A briefcase containing nothing but papers inexplicably starts to drip blood...A man is visited in the middle of the night by the Chairman of the Board of Insomnia...A young girl discovers that she can read minds, but only the minds of the dead. "Herding Ravens" brings together some two dozen of Christopher Conlon's "bon-bons"--tasty samples of flash fiction in which anythiA briefcase containing nothing but papers inexplicably starts to drip blood...A man is visited in the middle of the night by the Chairman of the Board of Insomnia...A young girl discovers that she can read minds, but only the minds of the dead. "Herding Ravens" brings together some two dozen of Christopher Conlon's "bon-bons"--tasty samples of flash fiction in which anything can happen, and usually does. Inspired by everything from Edgar Allan Poe to Franz Kafka, from Charles Addams to "The Twilight Zone," these surreal fantasies operate with, as the author writes, "no rules or logic, or with dream logic, or the logic of the grave." By turns haunting and hilarious, "Herding Ravens" is a walk on the weird side you won't soon forget.Christopher Conlon is best known as the editor of the Bram Stoker Award-winning "He Is Legend: An Anthology Celebrating Richard Matheson." His novels "Midnight on Mourn Street" and "A Matrix of Angels" were Bram Stoker Award finalists. He lives in Silver Spring, Maryland....
|Title||:||Herding Ravens: Bon-Bons and Cold Cuts|
|Number of Pages||:||139 Pages|
|Status||:||Available For Download|
|Last checked||:||21 Minutes ago!|
Herding Ravens: Bon-Bons and Cold Cuts Reviews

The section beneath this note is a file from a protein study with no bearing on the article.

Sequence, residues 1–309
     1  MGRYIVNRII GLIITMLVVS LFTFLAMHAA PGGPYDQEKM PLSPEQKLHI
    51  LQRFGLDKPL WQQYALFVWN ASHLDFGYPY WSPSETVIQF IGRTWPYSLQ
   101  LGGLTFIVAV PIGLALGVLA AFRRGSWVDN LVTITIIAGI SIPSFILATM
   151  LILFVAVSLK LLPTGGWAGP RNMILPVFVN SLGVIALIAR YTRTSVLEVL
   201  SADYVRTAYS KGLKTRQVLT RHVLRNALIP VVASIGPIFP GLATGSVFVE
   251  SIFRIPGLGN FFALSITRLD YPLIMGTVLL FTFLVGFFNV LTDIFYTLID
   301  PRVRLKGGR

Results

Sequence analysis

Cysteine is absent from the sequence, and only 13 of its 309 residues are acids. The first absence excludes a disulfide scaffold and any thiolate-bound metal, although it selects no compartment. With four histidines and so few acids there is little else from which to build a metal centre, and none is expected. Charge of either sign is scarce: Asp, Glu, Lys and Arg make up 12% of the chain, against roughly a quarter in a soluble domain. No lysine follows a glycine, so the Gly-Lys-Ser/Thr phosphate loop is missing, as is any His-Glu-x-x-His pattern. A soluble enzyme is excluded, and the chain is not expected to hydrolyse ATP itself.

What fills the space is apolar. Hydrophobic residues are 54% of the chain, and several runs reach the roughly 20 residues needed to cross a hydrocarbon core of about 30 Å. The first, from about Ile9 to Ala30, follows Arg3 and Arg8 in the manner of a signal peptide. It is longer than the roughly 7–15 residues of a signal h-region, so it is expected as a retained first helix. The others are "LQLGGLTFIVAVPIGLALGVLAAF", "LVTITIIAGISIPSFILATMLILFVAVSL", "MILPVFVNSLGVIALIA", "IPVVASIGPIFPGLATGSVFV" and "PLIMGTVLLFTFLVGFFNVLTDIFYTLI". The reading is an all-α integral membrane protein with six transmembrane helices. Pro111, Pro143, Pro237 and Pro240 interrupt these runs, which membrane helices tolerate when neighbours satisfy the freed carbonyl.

Review copy kindly provided by author and GR friend Christopher Conlon. If, in an alternate universe, Edgar Allen Poe and Shirley Jackson were to meet, marry and have a child, who would be packed off in infancy to learn his craft from H.G. Wells, that child would be Christopher Conlon. He inhabits a writer's no-man's-land where comedy, horror, satire, dystopia, melancholy and even gentle optimism blend into each other. The result is this package of bon-bons."What? A box of chocolates?" you exclaim eagerly. "Hand it over!" But it's not what you think. "A bon-bon," Conlon has one of his characters explain, "is a very short tale of fantasy with no rules or logic, or with dream logic, or the logic of the grave." It would be true to say, however, that, even with this definition, "you never know what you're gonna get." Because hidden in the box of candy is a surprise consisting of a number of cold cuts. I know what you're thinking. "Candy and meat? How weird!" The author doesn't explain what a cold cut is, but since when is an author obligated to tell the reader everything? Conlon's world is one where inexplicable things happen. The dead--or parts of them--rise and provide unusual advantages to the living. (Or maybe not.) Women and men acquire incredible abilities which are sometimes, but not always, to their advantage. A writer and a composer face off in a schoolyard and things get hairy. Poe's Raven gets his caw-muppance. All these adventures and more await between the covers of this slim but fascinating volume of flash fiction. Conlon is a master of style. His prose--okay, there's one tip of the hat to absurdist drama--is polished and lively. Some of the stories quite unabashedly hark back to the days of early science fiction. But it's what he does with these tools that is amazing. He is a master at describing bizarre events as if they were commonplace; this can evoke a response ranging anywhere from amusement to shock. He takes tired truisms and gives them new life. He explores funny, sad and frightening facets of the human psyche. Above all, he makes you think.